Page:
More industrial wireless best practices were provided by speakers from a Control Engineering webcast, “Exploring industrial wireless best practices.” Laurie Cavanaugh, business development manager, E Technologies , and Dean Fransen, Applied Intelligence, Wood , answered more industrial wireless audience questions below that were submitted but not answered in the one-hour July 8 webcast. Answers below include information on wireless sensors, wireless reliability and wireless technology selection.
Question: If wireless is the industrial communication choice, how do you help clients decide among technologies? What are criteria used? Range, speed, reliability, cybersecurity, cost, lifecycle?
Cavanaugh: The very first thing is to determine what problem you’re trying to solve. And what is the perception that wireless will be the answer? Answer will definitely include these criteria: Range, speed/performance, reliability, cybersecurity, cost to implement, cost to support and maintain, compatibility with existing systems, lifecycle?
Fransen: Additional criteria to ask yourself, what am I using wireless for? Data collection? Streaming? Discrete data? Location/mobile? Time sensitivity/latency. The answers to these questions will help provide some answers to
Question: When retrofitting industrial communications now, is it more often from wired to wireless or older wireless to newer wireless?
Cavanaugh: From what I see, there is not so much a replacement as there is an augmentation or adaptation. If new equipment comes in with wireless sensors, but also a wired controller, there will be an opportunity for creating a hybrid wireless and wired communication and information sharing network. Fortunately, the ability to use an existing Wi-Fi network, add an Edge Industrial Internet of Things (IIoT) device to collect wireless sensor data, wire in the new controller to an existing control network, and add a switch into the new panel to connect to the network allows for that evolution into the adaptation into a hybrid wireless architecture. It’s an evolution, not a revolution.
Question: Does a customer ever start with one wireless technology in mind, then change because application requirements better fit a different industrial wireless technology?
Cavanaugh: This is absolutely a real possibility, and for that reason, we start with a pilot project to prove what is unknown and can’t be determined during a design phase. Design only gets you so far. And everyone may think they’re solving the root cause problem at first, but the pilot project should flush out the real root cause.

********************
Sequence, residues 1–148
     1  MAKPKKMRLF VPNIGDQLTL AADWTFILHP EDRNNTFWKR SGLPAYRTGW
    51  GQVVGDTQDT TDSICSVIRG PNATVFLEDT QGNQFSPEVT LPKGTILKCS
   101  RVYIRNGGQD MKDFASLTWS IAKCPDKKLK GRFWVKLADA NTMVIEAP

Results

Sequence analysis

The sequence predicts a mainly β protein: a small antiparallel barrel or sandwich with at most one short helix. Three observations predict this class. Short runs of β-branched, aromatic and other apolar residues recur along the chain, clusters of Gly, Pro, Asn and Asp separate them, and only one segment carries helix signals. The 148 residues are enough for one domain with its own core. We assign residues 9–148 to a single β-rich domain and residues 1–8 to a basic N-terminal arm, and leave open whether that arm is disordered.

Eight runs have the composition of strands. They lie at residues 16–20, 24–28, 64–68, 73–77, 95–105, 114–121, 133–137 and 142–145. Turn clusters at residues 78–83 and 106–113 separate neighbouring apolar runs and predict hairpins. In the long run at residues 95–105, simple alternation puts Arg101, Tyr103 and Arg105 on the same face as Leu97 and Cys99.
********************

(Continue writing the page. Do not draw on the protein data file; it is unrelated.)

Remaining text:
Question: Thanks for lessons learned in your use case industrial wireless examples. What do you advise clients differently now about industrial wireless, compared to a couple years ago?
Cavanaugh: It is critical to evaluate wireless within the organization to determine whether (a) wireless has or will be part of a long-term information exchange direction for the overall organization or (b) is more of an opportunistic and case-based solution consideration. If it is (a) then I’d propose a Corporate Wireless Strategy needs to be developed and maintained as part of the overall information technology/operational technology (IT/OT) Strategy; if it is (b) then having an identified “Task Force” as part of the IT/OT group would be sufficient to plug into the discussion on how/where wireless would be used as part of a specific project initiative.
Question: How do you recommend we advance our industrial wireless maturity level?
Cavanaugh: Understand your organization’s “real” maturity level- by that I mean take some of the learnings here to do a little more self-education so that you can ask deeper questions within your organization and identify where wireless may already be in use. There is no such thing as a “dumb question” but knowing what “smart questions” to ask will help you more quickly determine where there may be opportunities to advance the organization forward using wireless solutions. Depending on what you learn, you may reevaluate where you are on the maturity spectrum. Once you’ve assessed your current state, and also learned more about what is possible and how that might help the organization operationally and financially, you’ll be in a better position to propose your own use cases internally and determine if there is traction there to evolve.
Question: Please give some wireless system integration advice.
Cavanaugh: Define the problem you’re trying to solve with a tech solution. Truly ask if wireless is the answer, and how each either will or won’t play a role. Get studied up on what the options are. Be realistic about the in-house expertise to design and implement a solution. Before you do too much work, pitch the idea to an executive stakeholder. Create a diverse team, design a selection process, and work your plan. Throughout the process, be willing to pivot. Be open minded to consider alternatives. And invite IT to the table!
This article originally appeared on Control Engineering. Click here to read the full article.